Do you know whom you’re disciplining? — Business Management Daily: Free Reports on Human Resources, Employment Law, Office Management, Office Communication, Office Technology and Small Business Tax Business Management Daily
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Do you know whom you’re disciplining?

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in Discrimination and Harassment,HR Management,Human Resources

When it comes to discrimination, your best defense is treating everyone absolutely equally. That’s tough to do without a central HR tracking system.
    It doesn’t have to be complicated. Make sure you note any problems (and praise) in each employee’s official file. Then, do regular audits—pulling out data on age, sex, national origin and race—to tabulate types of problems and any discipline levied.
    The tally will flag any suspicious patterns an attorney would love to get his hands on—such as more severe discipline for employees of one race over another. In addition, a good tracking system will help you recommend discipline appropriate to each case.
    Recent case: Leonard Kimble, who is black, was passed over for a promotion despite generally good evaluations. But Kimble’s supervisors noted three separate complaints in the few months before a white co-worker was promoted to a position Kimble wanted. The co-worker had none in his file.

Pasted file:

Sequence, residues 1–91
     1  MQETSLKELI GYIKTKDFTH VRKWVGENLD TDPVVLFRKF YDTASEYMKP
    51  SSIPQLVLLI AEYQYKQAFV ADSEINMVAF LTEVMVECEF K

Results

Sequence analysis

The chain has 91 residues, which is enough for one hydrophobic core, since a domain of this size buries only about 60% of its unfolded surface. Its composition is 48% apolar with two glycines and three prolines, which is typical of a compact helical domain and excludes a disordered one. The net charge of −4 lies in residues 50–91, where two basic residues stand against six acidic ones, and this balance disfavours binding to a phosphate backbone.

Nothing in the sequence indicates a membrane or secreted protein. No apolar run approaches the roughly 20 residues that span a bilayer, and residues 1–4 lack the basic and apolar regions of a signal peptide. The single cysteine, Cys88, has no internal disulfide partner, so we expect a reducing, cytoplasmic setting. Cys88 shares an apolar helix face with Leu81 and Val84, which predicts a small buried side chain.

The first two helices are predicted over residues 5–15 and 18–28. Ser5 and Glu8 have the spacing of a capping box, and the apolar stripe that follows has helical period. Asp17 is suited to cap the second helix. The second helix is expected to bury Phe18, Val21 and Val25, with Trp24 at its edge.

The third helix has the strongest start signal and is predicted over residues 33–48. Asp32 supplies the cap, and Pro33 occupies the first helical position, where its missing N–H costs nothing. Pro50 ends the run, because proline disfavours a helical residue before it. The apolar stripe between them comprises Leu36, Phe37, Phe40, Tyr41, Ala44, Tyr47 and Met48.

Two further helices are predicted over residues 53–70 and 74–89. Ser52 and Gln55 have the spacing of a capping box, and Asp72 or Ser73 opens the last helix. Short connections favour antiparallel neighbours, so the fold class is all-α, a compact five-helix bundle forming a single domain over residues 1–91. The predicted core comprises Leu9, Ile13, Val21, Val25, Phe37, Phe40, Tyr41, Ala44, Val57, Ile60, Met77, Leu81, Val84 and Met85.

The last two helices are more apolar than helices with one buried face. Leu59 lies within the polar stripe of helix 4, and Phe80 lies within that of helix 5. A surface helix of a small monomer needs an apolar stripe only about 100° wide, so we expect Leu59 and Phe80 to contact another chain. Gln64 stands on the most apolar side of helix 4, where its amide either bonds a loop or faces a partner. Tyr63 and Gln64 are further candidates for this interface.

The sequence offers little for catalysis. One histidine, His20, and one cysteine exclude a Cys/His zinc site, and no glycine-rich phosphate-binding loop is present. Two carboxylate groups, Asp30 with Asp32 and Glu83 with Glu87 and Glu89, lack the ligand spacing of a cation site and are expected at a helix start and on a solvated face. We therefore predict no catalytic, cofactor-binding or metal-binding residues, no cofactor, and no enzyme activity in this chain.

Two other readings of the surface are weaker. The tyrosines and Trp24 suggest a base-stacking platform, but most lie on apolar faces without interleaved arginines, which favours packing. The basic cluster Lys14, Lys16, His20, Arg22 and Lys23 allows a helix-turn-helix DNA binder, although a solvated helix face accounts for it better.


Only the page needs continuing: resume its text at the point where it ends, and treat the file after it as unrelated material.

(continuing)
Then Kimble was promoted and transferred to another location. However, he received a warning for refusing to come in after hours. The company fired Kimble when he again didn’t accept an after-hours call.
    Kimble sued, alleging race discrimination as the reason for being passed over for promotion and for his discharge. But the company had files showing the co-worker had a better disciplinary history, plus Kimble had disobeyed company rules. That persuaded the jury there was no discrimination. The 3rd Circuit Court refused to reinstate the case. (Kimble v. Morgan Properties, No. 05-5232, 3rd Cir., 2007)
    Final note: Make sure files on each employment decision—including promotions, raises and transfers—include specific references to any problems or praise used to support the decision. To a jury, a dated page from the employee’s file is much more powerful than a supervisor’s “remembered” testimony. 

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